Published on September 6, 2008 by William Todd Schultz, Ph.D. in Genius and Madness, in Psychology Today

A few years ago I was standing on the deck of a beach house on the 4th of July and a person who had obviously drunk too much told me, “The secret of my life is that I always need someone to hate.”

I was reminded of this exchange while watching the stupendously ruthless Republican National Convention over the last several days. Is there anything that conservatives do not hate? Maybe drilling. In fact, they appear utterly phallically obsessed with drilling (a practice that, in about 10 years or so, might reduce gas prices by 2 or 3 cents per gallon). But otherwise, what we learned from the recent hatefest is that Republicans hate community organizers, liberals (surprise!), Madonna, the “east coast elite,” the “angry left” media, trial lawyers, people who are too smart, people who are “cosmopolitan”—the list goes on into eternity.

Listening to this litany on Wednesday night in particular reminded me of a research article that came out roughly 5 years ago on political conservatism and motivated social cognition (Jost, Glaser, Kruglanski & Sulloway, “Political Conservatism as Motivated Social Cognition,” Psychological Bulletin). In a nutshell, the article—by Stanford and UC Berkeley researchers—seems to suggest that conservatism is a mild form of insanity.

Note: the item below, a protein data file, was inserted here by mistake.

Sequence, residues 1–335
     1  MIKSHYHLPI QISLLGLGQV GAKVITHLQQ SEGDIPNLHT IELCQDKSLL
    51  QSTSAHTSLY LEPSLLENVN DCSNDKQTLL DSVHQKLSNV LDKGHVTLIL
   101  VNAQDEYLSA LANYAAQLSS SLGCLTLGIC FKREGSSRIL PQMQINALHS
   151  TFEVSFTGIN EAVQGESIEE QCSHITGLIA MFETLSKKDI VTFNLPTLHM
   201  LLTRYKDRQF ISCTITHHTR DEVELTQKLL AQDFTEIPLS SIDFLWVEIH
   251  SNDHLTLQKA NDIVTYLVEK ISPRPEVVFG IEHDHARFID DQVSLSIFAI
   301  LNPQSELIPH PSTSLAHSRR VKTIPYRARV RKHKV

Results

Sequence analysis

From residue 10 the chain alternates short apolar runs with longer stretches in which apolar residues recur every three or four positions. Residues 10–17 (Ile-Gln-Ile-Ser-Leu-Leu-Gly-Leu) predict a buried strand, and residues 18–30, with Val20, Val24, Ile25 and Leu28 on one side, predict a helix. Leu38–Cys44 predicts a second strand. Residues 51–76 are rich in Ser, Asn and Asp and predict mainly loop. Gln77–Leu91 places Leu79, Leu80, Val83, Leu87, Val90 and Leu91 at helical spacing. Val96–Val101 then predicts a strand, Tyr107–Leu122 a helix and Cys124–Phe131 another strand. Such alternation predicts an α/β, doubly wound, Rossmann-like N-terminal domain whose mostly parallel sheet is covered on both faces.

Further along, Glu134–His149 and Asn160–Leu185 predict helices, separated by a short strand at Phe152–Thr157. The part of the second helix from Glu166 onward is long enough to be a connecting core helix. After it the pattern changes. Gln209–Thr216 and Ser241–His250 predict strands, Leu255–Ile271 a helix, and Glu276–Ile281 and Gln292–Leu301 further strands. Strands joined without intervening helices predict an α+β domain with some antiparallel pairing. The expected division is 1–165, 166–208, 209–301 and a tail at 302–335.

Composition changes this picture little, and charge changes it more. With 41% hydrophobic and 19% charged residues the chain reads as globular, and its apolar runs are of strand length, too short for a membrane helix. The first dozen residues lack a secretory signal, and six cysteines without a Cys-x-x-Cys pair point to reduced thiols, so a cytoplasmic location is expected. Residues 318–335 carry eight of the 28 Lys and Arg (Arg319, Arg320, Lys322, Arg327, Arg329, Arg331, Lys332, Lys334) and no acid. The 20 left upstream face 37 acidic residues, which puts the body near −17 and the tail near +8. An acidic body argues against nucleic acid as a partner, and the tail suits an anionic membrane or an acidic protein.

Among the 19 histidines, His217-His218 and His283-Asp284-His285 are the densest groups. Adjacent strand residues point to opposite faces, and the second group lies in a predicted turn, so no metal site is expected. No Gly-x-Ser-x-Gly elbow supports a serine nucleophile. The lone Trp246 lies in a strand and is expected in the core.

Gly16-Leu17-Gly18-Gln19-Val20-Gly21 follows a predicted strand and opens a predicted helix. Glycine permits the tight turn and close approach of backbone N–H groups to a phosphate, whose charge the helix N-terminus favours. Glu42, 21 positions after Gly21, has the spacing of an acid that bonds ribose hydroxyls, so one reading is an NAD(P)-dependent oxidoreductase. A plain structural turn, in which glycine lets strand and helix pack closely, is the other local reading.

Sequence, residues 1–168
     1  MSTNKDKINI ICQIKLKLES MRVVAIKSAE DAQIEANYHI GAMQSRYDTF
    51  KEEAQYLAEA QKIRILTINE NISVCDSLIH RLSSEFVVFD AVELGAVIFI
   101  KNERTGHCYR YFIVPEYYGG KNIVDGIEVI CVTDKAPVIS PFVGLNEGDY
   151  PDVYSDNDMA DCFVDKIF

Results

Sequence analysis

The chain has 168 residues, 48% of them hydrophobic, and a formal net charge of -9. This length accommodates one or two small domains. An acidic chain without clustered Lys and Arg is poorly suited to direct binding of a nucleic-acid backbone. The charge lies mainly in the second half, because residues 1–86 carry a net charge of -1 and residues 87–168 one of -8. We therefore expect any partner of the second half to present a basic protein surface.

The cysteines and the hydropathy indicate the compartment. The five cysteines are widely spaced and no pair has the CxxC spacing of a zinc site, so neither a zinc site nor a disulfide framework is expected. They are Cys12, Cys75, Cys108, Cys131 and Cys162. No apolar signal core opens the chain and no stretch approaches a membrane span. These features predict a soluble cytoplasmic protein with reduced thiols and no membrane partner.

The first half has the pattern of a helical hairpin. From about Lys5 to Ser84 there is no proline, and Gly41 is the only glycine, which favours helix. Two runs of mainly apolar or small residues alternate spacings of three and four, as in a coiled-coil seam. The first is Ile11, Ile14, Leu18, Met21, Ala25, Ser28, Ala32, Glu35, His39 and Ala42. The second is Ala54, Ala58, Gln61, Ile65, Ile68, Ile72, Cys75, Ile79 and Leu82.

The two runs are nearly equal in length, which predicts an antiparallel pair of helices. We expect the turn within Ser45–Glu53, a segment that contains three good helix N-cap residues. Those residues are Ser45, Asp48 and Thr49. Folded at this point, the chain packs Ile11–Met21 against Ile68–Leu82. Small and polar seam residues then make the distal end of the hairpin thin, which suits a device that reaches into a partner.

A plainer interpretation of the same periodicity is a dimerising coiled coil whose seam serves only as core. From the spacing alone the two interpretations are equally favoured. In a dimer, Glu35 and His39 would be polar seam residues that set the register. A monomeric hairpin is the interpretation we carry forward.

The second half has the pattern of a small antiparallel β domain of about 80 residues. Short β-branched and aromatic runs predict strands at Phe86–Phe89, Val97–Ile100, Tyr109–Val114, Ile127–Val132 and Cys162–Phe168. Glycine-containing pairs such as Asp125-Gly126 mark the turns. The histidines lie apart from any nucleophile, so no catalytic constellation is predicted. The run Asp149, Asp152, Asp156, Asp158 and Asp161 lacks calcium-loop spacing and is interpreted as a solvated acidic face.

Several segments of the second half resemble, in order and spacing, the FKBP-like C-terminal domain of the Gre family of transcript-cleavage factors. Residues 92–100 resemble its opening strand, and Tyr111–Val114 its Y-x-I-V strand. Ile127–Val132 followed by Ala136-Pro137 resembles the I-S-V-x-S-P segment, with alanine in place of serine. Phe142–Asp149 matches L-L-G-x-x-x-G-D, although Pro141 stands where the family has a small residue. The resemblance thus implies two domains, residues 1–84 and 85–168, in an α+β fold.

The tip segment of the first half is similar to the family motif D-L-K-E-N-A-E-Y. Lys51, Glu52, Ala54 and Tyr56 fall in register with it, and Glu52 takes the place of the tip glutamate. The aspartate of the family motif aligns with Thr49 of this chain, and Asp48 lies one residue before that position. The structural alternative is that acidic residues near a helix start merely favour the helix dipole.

Read more at Psychology Today

The Invisible Psychopath

By the time you identify the charming sociopath, it may already be too late.

The word “psychopath” gets thrown around a lot, but in psychiatry it has a specific meaning. Psychopaths are aggressively narcissistic and impulsive and feel a relentless urge for sensation-seeking. They lack empathy and compulsively manipulate others through bullying or deceit. They believe that they are exempt from the rules and show a marked predilection for lying, even when it is not advantageous for them.

Earlier this year Harvard Medical School psychiatrist Ronald Schouten published a book, Almost a Psychopath, in which he and co-author Jim Silver describe the ways that people can exhibit quite a few of the symptoms of psychopathy without satisfying the full diagnostic criteria. Such people can be highly deceptive, manipulative, callous, and self-serving, and yet manage to maintain a façade on normality. One of Schouten’s goals in writing the book is to point out how such a person’s colleagues, friends and partners might not suspect for years that they have a profound psychological disturbance.